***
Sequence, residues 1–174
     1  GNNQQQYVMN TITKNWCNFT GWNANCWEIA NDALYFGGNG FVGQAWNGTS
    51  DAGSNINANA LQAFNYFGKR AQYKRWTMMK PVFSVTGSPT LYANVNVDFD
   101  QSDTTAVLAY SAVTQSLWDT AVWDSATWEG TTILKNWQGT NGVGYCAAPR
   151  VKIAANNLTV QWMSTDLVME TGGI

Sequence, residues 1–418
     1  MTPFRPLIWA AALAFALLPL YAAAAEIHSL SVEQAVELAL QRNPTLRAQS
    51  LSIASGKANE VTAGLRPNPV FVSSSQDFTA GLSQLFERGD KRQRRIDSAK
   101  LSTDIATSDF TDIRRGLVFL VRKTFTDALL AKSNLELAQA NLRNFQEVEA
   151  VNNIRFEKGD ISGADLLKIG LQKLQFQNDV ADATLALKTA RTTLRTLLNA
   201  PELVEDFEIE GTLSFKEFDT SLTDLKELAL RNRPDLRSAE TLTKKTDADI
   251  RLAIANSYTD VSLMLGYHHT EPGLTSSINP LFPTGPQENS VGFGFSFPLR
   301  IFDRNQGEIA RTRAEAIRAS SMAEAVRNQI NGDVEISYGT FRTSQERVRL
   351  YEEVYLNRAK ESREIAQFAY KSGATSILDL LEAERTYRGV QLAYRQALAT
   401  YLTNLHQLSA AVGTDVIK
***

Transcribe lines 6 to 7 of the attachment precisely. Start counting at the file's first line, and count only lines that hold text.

Sequence, residues 1–418
     1  MTPFRPLIWA AALAFALLPL YAAAAEIHSL SVEQAVELAL QRNPTLRAQS